Juan Pablo Montoya insisted he had the best car in the Team Penske stable—even to his three teammates, who all believed they were legitimate contenders to win the Indianapolis 500. With the same confidence he showed 15 years ago when he routed the field, Montoya sliced his way through the field twice and won his second Indianapolis 500 today. "This is too much," he said in victory lane, the winner's wreath around his neck and the traditional bottle of milk in his hand. Flanked by his children, he looked everywhere for his wife: It was a far different scene from 2000, when the fearless Colombian was single, childless and using Indy cars as a stepping stone to Formula One. But his career has been a series of ups-and-downs through F1, NASCAR, and finally back to IndyCar with motorsports icon Roger Penske.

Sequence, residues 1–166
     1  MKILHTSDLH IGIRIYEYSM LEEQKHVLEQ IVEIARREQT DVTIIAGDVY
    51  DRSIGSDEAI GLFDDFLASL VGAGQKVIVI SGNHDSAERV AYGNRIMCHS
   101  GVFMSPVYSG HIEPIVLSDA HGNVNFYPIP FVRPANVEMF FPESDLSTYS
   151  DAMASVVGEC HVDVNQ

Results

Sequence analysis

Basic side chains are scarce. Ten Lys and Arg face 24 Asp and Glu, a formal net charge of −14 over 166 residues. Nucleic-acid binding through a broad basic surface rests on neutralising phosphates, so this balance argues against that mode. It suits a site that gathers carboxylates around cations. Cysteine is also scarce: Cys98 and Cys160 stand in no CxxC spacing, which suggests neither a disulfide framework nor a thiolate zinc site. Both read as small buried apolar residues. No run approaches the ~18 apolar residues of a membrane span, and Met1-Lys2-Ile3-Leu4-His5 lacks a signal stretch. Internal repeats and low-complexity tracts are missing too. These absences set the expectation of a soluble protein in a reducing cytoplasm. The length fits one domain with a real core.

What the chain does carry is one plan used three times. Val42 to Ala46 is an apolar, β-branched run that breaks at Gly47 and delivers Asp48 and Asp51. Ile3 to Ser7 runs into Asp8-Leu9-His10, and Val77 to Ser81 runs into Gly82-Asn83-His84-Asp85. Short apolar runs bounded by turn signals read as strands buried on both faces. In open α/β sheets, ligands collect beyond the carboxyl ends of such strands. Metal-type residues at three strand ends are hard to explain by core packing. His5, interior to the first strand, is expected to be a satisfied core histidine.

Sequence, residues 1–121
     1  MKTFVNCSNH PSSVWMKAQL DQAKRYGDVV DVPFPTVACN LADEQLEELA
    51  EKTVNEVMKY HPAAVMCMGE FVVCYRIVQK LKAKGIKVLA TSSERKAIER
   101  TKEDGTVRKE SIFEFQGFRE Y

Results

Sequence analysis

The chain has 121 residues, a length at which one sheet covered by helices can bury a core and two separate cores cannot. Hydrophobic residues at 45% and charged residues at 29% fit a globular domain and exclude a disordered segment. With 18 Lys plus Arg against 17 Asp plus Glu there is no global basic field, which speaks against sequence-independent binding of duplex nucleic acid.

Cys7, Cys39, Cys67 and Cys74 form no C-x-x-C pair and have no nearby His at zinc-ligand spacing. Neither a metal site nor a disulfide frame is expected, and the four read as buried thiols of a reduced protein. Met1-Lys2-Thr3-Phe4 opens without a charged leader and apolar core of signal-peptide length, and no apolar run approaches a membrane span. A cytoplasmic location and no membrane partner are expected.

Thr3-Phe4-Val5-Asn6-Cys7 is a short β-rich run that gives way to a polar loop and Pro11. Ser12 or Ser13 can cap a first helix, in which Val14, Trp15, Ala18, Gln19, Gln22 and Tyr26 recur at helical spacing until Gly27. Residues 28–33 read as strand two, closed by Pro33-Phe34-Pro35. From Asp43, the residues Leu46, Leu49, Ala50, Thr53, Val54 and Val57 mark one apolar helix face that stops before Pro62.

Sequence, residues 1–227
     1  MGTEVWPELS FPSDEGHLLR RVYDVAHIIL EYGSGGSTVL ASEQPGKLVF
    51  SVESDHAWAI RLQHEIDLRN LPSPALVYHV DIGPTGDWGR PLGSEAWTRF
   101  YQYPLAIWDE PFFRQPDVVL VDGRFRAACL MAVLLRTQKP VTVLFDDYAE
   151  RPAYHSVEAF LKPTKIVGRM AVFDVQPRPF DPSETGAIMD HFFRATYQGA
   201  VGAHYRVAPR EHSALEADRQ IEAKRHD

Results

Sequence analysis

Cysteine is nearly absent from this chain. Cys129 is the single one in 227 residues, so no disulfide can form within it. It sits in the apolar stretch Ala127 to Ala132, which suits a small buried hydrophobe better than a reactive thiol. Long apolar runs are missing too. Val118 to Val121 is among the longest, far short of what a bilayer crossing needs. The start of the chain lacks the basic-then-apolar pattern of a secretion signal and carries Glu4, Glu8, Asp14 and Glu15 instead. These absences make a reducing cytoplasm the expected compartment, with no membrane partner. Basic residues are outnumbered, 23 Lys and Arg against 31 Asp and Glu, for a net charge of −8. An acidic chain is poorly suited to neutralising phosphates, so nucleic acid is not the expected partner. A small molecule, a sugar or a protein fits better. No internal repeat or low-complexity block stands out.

This victory was almost certainly going to go to a Team Penske or Chip Ganassi Racing driver, which had a combined 9 cars in the field. Proving that Indianapolis is their own personal playground, Penske and Ganassi drivers led the majority of the laps today and turned the final restart with 15 laps to go into a three-car thriller between Penske teammates Montoya and Will Power, and Ganassi driver Scott Dixon. Power finished second and Ganassi drivers Charlie Kimball and Dixon were third and fourth. It was thought that the leader on the final lap would be a sitting duck, but Montoya didn't care as he charged past Power with three laps remaining and stayed out front until the checkered flag. (Read more Indianapolis 500 stories.)